WestEnd61

A nutritionist explains.

Brierley Horton
December 21, 2018

You’ve likely heard the advice to be mindful of how much sodium you consume—either straight from your doctor’s mouth, or via an article out there on the interwebs. Yet the average American eats 3,400 milligrams of sodium a day, which is well over the recommended daily value of 2,300 milligrams a day. This target is for a “healthy” adult, but a 1,500-milligram daily threshold is recommended for someone who needs to restrict their sodium intake for health reasons.

But a recent review study, published in JAMA Internal Medicine, questions the need to strictly limit sodium. Researchers found that study participants who limited their sodium intake weren’t all that much better off health-wise. They didn’t lower their risk of heart disease, and they didn’t live any longer.

Part of the reason might be that there isn’t much evidence. And in the entire body of literature, researchers only found nine studies that looked at sodium intake and heart failure. I’m not a scientist or a statistician, but as a journalist and dietitian, I read my fair share of research and that seems like an awfully low number of studies to base a dietary recommendation for any health condition.

Still, those findings were focused on salt restriction. Here at Cooking Light, we aim to give you recipes that will help you stick to the 2,300-milligram sodium cap (and we’ll continue to do that while the research experts study how helpful—or not—a 1,500-milligram limit is). And that’s because sodium is still a nutrient that our bodies need, but more is not better, just like any other nutrient. And whether a nutrient is deemed “good” or “bad”, we only need so much of them.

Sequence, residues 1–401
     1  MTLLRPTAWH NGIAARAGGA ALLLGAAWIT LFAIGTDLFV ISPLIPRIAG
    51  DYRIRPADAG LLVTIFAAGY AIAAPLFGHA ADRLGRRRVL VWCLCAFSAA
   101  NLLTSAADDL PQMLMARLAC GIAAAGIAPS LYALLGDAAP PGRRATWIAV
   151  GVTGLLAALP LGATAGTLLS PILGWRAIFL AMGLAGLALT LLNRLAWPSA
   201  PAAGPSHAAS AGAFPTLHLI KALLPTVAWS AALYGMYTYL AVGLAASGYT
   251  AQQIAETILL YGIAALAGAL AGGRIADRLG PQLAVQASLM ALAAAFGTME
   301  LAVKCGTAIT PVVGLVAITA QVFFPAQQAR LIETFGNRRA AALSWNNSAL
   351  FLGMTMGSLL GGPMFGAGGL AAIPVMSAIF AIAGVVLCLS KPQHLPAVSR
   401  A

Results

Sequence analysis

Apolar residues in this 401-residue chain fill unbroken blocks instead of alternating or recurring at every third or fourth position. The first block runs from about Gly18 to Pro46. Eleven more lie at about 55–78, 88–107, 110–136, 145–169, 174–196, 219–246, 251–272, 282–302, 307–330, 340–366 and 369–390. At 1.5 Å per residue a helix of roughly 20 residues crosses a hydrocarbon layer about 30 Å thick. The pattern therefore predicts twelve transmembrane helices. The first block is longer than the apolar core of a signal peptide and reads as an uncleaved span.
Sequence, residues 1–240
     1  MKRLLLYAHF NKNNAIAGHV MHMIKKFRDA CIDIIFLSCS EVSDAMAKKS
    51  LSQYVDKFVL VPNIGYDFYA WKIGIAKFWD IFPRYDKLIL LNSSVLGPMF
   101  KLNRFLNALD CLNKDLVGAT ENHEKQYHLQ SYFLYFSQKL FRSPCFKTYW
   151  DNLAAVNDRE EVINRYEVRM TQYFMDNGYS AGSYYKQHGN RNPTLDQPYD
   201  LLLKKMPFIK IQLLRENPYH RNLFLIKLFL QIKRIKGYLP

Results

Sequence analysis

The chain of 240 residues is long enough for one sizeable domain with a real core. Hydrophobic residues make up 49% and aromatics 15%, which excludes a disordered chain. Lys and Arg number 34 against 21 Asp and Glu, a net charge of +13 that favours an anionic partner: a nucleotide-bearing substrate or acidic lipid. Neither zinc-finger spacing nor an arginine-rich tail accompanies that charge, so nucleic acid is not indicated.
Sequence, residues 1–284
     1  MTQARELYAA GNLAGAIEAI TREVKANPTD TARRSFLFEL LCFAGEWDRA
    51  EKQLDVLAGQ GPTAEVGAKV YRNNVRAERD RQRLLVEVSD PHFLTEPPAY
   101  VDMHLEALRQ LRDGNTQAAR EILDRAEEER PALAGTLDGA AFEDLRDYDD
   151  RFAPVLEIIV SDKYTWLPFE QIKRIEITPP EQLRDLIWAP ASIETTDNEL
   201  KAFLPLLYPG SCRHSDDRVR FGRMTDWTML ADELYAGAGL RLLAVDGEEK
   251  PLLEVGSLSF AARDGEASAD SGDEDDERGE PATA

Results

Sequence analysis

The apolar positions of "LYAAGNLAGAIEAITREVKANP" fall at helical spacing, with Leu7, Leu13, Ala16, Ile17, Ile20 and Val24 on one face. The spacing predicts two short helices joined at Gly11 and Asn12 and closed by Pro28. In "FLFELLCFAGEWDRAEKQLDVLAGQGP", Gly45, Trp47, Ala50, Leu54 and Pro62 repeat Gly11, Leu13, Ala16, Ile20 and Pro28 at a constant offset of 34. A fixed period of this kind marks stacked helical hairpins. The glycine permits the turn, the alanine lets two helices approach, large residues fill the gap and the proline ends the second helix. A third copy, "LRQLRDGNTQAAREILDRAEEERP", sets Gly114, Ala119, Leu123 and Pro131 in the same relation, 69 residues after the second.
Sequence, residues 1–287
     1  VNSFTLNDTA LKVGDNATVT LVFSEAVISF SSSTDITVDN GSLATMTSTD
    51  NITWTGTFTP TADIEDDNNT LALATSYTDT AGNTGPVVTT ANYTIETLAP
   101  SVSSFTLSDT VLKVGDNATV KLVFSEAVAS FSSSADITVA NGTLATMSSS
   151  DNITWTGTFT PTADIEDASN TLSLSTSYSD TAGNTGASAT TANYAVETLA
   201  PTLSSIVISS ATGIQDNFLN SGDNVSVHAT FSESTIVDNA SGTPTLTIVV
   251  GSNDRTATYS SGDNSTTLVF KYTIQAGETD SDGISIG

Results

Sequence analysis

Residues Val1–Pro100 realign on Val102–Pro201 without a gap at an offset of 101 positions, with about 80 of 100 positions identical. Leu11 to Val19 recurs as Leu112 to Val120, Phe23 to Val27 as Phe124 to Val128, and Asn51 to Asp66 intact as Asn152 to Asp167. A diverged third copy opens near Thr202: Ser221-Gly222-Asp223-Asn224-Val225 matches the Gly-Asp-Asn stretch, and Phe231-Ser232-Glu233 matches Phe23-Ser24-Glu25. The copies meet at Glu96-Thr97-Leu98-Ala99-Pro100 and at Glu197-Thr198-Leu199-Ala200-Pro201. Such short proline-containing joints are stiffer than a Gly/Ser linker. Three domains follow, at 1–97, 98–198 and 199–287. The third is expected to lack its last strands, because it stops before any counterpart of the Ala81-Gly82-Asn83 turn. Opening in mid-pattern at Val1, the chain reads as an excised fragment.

In our recipes, you’ll see that an entrée will often have more sodium in it than an appetizer or a salad, and a baked good will differ from a vegetable side, but despite that variance, it’s our goal to give you recipes that let you build a meal, menu, or daily meal plan and adhere to that recommended 2,300-milligram threshold.

All of that said, you should know that sodium isn’t the only nutrient to be mindful of when it comes to heart health. Sodium makes the headlines, but as the saying goes, “any press is good press.” Potassium and fiber deserve a little limelight, too. Most of us don't get enough of them, and both are super healthy for your heart. Plus, potassium—found in oranges, bananas, potatoes, and yogurt—helps to shuttle sodium out of your body, which is particularly valuable when your diet is salt-heavy.

The bottom line: This new research is certainly interesting, but until more compelling evidence is released, I’ll still be sticking to the recommended daily sodium value and loading up on heart-healthy nutrients. And unless your doctor says otherwise, you should try to do the same.

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